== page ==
Improve your digital experiences with a better customer journey
A good customer journey is vital for improving your organization’s digital experiences.
Written by Vegard Ottervig on
A great majority of people conduct most of their research online before buying products or services—be it digital or physical.
The process people go through to gradually get familiar with your product is called the buyer’s journey, or the customer journey.
In every step of his information gathering the buyer should be delighted by great user experience. Let’s see how you can make this happen.
The buyer’s journey is a process consisting of several stages, from a person’s first awareness of your brand to continuous delighting your customers. To create truly excellent user experiences you need to put yourself in your customer’s shoes, you need to know what he’s thinking and why—at each stage.
You need to ask yourself questions like:
For example: at an early stage, a potential customer—let’s say a restaurant owner—may have come to realize that he loses his market share by having an outdated website and CRM system. The information he needs at this awareness stage is to find out what the latest technologies are, or what the latest restaurant business trends are.
Create business value with the customer journey:
The restaurant owner may be asking questions like: “what digital solutions exist for restaurants?” or “what is digitalization?” When he finds out more, he may ask questions about how to modernize his restaurant with digital solutions, and what digital platform may be best suited. The information the restaurant owner needs gradually changes from purely factual to increasingly helpful, and then increasingly selling.
After obtaining a general overview of your digital experiences and your customer’s situation, you can start working on concrete steps to map the buyer’s journey. Here are some examples, as specified by Weidert Group:
There are several ways of categorizing a buyer’s journey. For our purposes, we have decided to split the journey into four stages: awareness, consideration, decision, and delight. Now we will show how you can improve your digital experiences at every stage of the buyer’s journey—especially with the help of a dedicated web platform.
In the awareness stage, the buyers realize they have a problem. You should try to attract them with content that identifies their challenges, and in the right channels. Common channels, or touchpoints, in this stage include PR, radio, TV, print, outdoor billboards and posters, word of mouth, online ads, viral email, digital signage, social media, search, landing page, and blog.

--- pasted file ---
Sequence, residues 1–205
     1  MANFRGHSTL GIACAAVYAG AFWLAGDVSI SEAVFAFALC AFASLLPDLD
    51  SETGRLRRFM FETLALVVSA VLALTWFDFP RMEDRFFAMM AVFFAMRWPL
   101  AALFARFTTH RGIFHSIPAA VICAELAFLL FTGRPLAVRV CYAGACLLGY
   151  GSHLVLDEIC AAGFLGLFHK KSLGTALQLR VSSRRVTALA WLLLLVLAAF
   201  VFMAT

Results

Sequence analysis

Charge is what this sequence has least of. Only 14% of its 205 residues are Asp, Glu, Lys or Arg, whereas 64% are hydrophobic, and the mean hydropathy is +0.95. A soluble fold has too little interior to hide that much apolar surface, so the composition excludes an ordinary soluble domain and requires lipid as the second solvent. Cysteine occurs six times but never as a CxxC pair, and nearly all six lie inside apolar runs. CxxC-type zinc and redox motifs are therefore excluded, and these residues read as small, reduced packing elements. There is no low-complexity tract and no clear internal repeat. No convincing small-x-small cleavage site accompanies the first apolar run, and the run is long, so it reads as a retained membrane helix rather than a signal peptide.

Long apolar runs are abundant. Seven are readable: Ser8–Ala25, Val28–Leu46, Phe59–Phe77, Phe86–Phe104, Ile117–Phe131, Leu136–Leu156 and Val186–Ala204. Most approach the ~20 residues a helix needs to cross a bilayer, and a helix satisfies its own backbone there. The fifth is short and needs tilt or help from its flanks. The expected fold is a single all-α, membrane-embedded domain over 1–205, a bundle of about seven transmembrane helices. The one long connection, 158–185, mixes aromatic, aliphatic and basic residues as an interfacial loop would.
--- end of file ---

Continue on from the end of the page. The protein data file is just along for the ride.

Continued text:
When you know what your potential customers are thinking about in this stage, you can start to tailor your digital and owned touchpoints with your digital platform, or content management system:
Online ads: While online ads are usually managed through its own system, like Google Ads, your digital experience platform may include an integration or analytics part, allowing you a neat way to see your ads in tight connection to your content. Also, the content your ads direct to are, of course, usually created and maintained in your digital platform.
Social media: The social media platforms are obviously not a part of your owned digital experience package, but they are nonetheless an integral part of your buyer’s journey. Make sure that your digital experience platform has the option to integrate with social media in one way or another, either through the plain, old sharing functionality or a tighter integration in the forms of posting and viewing statistic from within the platform.
Search: Searching for keywords, terms, and topics is something you can cater to with search engine optimization tools in your digital platform, whether they be native or through an extension. Any digital experience should leverage the importance of SEO.
Blog: Your digital experience platform should support blogging in order to attract people who are trying to identify their problems (which, of course, you provide answers to). In a good and user-friendly CMS, a blog content type allows for a fixed blog post layout (so you can concentrate on writing great copy), tags, scheduling options, rich text editing, and easy image handling.
Landing page: A landing page content type differs from a blog by being more customizable in appearance and being more timeless, not being included in the constant stream of new blog posts. Your digital platform should support this content type, too, and include great drag and drop tools for easy and visual management to create the best-looking landing page with the best chance to compel your visitors to do certain actions, which leads us to the next stage.